Testicular dysgenesis syndrome, cryptorchidism, testicular neoplasm, histogenesis of malignant germ cell tumors, CIS, prostate enlargement, metastatic routes of prostate carcinoma, hypothalamic-pituitary-ovarian axis, menstrual cycle

6 Pages
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Department
Biomedical Science
Course Code
BMS 460
Professor
D.Rao Veeramachaneni

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Description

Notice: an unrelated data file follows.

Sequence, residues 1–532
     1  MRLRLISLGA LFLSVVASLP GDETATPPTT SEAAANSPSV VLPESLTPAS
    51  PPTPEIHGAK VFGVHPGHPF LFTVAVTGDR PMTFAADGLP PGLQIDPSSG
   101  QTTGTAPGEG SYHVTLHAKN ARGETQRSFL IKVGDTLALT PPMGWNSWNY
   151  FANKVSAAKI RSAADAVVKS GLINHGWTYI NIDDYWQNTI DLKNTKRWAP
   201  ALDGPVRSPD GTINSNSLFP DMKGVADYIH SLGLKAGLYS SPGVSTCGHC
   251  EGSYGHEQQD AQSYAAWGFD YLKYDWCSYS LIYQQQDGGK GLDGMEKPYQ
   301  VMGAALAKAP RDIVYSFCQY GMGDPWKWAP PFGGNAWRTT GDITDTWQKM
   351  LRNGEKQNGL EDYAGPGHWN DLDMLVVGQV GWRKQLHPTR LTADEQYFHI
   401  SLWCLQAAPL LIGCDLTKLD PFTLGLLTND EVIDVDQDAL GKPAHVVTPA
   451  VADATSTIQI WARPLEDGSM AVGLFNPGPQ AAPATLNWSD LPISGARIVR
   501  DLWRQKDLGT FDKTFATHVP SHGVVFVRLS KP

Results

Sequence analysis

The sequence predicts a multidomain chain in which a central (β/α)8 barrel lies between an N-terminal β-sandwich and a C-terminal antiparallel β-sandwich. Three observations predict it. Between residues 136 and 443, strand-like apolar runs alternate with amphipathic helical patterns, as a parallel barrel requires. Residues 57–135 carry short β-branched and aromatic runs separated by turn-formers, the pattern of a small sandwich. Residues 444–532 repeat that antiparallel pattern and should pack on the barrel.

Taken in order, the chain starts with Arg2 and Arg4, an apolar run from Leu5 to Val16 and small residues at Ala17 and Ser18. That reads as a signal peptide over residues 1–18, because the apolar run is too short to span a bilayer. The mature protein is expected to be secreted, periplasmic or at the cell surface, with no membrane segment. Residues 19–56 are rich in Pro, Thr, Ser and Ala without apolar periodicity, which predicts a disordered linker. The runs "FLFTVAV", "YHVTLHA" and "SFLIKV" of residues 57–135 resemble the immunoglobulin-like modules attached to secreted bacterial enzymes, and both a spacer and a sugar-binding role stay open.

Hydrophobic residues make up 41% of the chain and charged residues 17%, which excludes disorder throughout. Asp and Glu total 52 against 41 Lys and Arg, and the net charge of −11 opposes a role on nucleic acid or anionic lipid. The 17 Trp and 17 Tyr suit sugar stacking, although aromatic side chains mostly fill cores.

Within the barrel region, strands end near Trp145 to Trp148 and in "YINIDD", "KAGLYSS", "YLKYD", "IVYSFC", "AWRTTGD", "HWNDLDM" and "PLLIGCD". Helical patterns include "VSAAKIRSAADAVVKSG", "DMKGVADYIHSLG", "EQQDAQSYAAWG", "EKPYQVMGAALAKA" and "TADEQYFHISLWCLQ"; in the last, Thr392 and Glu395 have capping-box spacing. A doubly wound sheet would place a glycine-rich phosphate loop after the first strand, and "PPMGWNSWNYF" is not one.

9 December Testicular Dysgenesis Syndrome A collection of disorders of the male reproductive system that may be related to one another and have a common cause – abnormal development of the testes during fetal development Environmental and lifestyle factors, intrauterine growth disorders, genetic defects and polymorphisms → testicular dysgenesis Decreased Leydig cell function Cryptorchidism Hypospadias Disturbed Sertoli cell function CIS → testicular cancer Impaired spermatogenesis → infertility Cryptorchidism: Undescended/Ectopic Testes Risk of cancer High scrotal 60% Inguinal canal 25% Abdominal 15% Testicular Neoplasia Germ cell tumors Precursor Carcinoma in situ, CIS Occurs during development Seminoma Classical Occurs in young men Spermatocytic Occurs in older men Non-seminomas Non-germ cell tumors or sex cord cell tumors Leydig cell tumors Sertoli cell tumors Histogenesis of Malignant Germ Cell Tumors The tumors originate from intratubular germ cells that form carcinoma in situ, CIS, also called intratubular germ cell Neoplasia, ITGCN. Tumors derived from ITGCN are divided into 2 major groups: seminomas and non- seminomatous germ cell tumors. NSGCT include several subtypes; embryonal carcinoma cells are the stem cells of most NSGCT. Embryonal carcinoma Teratocarcinoma mixed NSGCT Choriocarcinoma Yolk sac carcinoma Testicular tumors have a peak incidence in men 25 to 45 years old. Tumor markers Seminoma Embryonal Teratocarcinom Choriocarcino Yolk sac carcinoma a mixed ma carcinoma NSGCT AFP (alpha- - - + - + fetoprotein) hCG (human - - + + - chorionic gonadotropin ) CIS gives rise to classical type of seminoma and non-seminoma Tumors derived from germ cells, mostly in the testis and ovary, contain embryonic cells (embryonal carcinoma cells) that differentiate into embryonic germ layers – ectoderm, mesoderm, and endoderm. Benign (teratoma) when ECs differentiate into somatic tissues or malignant (teratocarcinomas) when ECs differentiate into somatic as well as extra-embryonic tissues. Histopathology and immunohistochemistry discern types and origins of germ cell tumors E.g., diagnostic markers: PLAP for CIS, KIT for classical seminoma, DMRT1 for spermatocytic seminoma, hCG for choriocarcinoma Enlargement of prostate may occur as a result of benign hyperplasia or carcinoma Origins of prostate hyperplasia and carcinoma differ BPH (benign prostatic hyperplasia) originate in the central (periurethral) part of the gland and often involves the median lobe In contrast, carcinoma of the prostate originates preferentially in the peripheral portion of the gland and often in the posterior lobe, which is readily accessible to digital palpation through the rectum. Diagnostic procedures Digital palpation per rectum Prostate-specific antigen, PSA Biopsy Prostate intraepithelial Neoplasia, PIN Serum alkaline phosphatase in bone metastases Metastatic Routes of Prostate Carcinoma Carcinoma of the prostate invades locally into the rectum and the urinary bladder Perineural invasion is also common Distant metastases occur via the lymphatics or blood Vertebral bones, lungs and liver
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